Back to Top


National Interest Waivers

Within the Second Employment Based Preference Category (EB-2) is a sub category called the "National Interest Waiver." The difference between the main category and its sub-category is the JOB OFFER and LABOR CERTIFICATION requirement present in the main EB-2. These requirements may be WAIVED in the NATIONAL INTEREST if the petitioner can show that his skills will substantially benefit the U.S.

  1. NATIONAL INTEREST - There is no set definition of the term National Interest. The INS instead applies the term to each case on an individual case-by-case basis. The main case, Matter of [name not provided], EAC 92-091-50126 (AAU July 21, 1992), known as the "Mississippi Phosphate" case, that has provided guidance on the issue was decided in 1992. In that case the court set out the following factors as relevant to granting a National Interest Waiver:
    1. improving the United States economy;
    2. improving wages and working conditions of U.S. workers;
    3. improving education and training programs for U.S. children and other qualified workers;
    4. improving health care;
    5. providing more affordable housing for young and/or older, poorer U.S. residents;
    6. improving the U.S. environment and making more productive use of natural resources; or
    7. involving a request from an interested government agency.

  2. PRIOR EXPERIENCE AND TRAINING IN THE FIELD - The alien must have two years of full-time experience in the field;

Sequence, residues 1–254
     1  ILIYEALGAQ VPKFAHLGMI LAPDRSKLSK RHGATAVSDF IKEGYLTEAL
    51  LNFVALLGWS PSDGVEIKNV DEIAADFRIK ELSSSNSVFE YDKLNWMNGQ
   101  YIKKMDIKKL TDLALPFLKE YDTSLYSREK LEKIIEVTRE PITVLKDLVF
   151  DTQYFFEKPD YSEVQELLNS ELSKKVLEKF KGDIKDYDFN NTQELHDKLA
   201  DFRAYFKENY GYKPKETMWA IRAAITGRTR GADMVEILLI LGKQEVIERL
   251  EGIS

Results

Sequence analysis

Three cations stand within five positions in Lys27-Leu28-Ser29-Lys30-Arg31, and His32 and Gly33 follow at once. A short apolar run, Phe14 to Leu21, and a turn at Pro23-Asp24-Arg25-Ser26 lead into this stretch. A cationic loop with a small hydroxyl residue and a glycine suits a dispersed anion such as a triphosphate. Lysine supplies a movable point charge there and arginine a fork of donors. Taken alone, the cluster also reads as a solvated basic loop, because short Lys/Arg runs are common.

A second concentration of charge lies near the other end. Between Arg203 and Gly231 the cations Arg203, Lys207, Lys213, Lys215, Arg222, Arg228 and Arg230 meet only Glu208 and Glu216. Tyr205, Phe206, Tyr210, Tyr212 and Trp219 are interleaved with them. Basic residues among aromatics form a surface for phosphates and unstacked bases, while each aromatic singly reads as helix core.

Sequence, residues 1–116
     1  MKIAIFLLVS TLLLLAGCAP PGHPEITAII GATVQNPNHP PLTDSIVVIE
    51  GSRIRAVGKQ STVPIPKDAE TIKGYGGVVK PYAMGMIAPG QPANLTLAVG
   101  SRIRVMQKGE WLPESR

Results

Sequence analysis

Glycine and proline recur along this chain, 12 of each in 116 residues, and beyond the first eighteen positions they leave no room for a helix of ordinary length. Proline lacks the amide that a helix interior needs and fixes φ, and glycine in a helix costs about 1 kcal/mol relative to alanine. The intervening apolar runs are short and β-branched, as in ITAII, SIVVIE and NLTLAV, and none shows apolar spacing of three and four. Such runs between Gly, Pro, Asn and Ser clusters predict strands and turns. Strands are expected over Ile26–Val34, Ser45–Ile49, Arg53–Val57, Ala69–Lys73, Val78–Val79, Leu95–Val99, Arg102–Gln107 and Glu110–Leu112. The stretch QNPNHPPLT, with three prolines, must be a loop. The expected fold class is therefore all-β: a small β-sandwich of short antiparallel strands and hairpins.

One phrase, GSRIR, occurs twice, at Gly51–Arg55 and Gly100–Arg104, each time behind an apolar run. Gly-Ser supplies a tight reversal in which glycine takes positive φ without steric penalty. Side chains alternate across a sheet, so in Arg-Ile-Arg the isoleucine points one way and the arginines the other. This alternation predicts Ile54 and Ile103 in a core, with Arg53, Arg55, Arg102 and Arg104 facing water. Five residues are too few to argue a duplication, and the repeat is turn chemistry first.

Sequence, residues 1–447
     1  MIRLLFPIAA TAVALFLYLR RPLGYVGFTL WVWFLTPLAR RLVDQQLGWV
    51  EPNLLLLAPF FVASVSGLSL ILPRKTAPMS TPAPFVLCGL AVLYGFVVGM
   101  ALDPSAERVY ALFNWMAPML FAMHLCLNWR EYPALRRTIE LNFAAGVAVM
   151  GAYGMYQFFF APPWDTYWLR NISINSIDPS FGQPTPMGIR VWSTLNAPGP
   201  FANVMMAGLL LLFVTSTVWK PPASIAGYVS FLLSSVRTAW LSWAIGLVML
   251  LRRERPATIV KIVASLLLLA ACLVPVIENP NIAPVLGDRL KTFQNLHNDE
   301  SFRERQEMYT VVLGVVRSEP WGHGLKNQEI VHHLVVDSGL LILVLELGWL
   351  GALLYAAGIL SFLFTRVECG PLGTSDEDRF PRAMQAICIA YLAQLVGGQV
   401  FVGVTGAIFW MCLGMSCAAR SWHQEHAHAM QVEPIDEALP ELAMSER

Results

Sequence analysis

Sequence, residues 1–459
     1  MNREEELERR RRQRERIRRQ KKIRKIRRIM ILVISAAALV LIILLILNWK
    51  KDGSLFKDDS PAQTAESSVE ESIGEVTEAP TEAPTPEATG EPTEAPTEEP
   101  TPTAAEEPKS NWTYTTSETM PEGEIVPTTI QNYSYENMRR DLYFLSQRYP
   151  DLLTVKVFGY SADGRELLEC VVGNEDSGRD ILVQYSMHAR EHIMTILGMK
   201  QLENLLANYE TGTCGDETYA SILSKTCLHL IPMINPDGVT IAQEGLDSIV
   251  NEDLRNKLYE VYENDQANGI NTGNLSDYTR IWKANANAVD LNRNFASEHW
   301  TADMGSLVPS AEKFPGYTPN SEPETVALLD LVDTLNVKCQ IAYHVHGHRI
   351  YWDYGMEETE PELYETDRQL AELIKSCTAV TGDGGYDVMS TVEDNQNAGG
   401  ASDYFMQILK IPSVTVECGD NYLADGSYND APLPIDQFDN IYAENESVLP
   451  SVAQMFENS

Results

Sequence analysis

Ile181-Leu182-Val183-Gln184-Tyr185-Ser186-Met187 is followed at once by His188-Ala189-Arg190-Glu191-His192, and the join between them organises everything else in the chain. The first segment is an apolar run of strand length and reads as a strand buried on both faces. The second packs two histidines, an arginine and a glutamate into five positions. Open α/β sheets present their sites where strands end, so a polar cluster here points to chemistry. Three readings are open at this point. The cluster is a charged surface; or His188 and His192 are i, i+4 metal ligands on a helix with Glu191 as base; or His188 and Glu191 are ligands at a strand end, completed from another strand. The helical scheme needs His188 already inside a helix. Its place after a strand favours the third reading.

3. NATIONAL NEED FOR SERVICE - The request for waiver may not be based purely on a local labor shortage;
  4. "PLAY A SIGNIFICANT ROLE" - The Petitioner will work on an undertaking which will "substantially benefit prospectively the United States;" and the Petitioner will "play a significant role" in the undertaking.
  5. BETTER THAN U.S. WORKER - The Petitioner must show that he/she will "serve the national interest to a substantially greater degree based on the INS appraisal of his or her record of achievement than would an available U.S. worker having the same minimum qualifications."

    Back to Top



  1. INTRISIC VALUE OF SERVICES - Petitioner must show that the Petitioner seeks employment in an area of substantial intrinsic merit to the U.S. The Petitioner must show that his/her work will improve an area such as the economy, education, heath care, housing, or the environment of the United States.
  2. NATIONAL IN SCOPE - It must be shown that the proposed benefit will be national in scope.
  3. NATIONAL INTEREST - The petitioner must persuasively demonstrate that the national interest would be adversely affected if a labor certification were required for the alien.
  4. PAST ACCOMPLISHMENTS - The Petitioner must document a record of past accomplishments from which it can be concluded that he or she will serve the national interest to a greater extent than other persons with the same level of education, training and/or experience.

    Back to Top